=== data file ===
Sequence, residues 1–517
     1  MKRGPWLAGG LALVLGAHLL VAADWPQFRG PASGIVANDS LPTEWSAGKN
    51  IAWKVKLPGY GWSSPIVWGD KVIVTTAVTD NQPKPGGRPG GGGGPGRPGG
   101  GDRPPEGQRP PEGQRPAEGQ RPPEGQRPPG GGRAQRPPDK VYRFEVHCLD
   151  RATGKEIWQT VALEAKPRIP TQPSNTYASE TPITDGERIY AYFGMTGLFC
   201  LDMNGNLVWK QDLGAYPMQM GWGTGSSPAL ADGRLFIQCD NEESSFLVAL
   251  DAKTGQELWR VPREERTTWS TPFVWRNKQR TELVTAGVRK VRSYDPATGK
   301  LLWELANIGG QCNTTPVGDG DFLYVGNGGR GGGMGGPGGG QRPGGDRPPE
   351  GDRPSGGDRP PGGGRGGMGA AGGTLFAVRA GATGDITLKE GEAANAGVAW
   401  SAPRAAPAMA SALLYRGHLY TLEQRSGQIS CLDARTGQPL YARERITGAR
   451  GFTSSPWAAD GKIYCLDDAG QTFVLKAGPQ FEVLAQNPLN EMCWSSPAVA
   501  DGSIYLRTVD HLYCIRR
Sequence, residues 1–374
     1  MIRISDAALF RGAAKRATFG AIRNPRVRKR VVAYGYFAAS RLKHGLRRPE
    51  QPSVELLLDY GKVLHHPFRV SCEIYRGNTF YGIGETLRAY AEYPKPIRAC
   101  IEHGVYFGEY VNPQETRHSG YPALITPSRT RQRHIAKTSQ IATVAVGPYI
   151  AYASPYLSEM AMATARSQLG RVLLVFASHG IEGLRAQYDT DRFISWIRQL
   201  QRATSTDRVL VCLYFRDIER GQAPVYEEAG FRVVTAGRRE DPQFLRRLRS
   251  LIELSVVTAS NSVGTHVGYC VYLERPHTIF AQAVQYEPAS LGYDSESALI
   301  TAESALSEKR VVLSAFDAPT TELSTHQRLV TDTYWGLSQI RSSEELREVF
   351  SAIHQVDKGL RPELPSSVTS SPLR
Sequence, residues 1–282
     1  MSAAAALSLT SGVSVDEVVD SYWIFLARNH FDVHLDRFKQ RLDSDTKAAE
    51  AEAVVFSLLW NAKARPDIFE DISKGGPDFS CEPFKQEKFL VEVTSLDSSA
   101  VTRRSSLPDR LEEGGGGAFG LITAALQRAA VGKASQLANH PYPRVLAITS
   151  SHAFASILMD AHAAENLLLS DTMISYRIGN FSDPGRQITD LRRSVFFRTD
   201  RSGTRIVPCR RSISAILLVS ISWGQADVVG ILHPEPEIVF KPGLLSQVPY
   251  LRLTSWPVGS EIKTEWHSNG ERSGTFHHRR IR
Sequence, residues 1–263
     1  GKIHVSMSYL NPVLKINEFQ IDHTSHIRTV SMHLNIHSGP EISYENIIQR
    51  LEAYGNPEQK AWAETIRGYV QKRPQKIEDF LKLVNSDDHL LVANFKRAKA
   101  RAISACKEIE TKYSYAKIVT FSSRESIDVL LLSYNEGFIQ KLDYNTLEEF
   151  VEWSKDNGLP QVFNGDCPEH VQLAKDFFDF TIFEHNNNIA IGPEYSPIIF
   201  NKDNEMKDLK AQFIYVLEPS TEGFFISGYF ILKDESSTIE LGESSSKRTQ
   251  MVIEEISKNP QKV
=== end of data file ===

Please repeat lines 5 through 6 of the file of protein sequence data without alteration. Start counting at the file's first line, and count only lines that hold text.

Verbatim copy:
   151  RATGKEIWQT VALEAKPRIP TQPSNTYASE TPITDGERIY AYFGMTGLFC
   201  LDMNGNLVWK QDLGAYPMQM GWGTGSSPAL ADGRLFIQCD NEESSFLVAL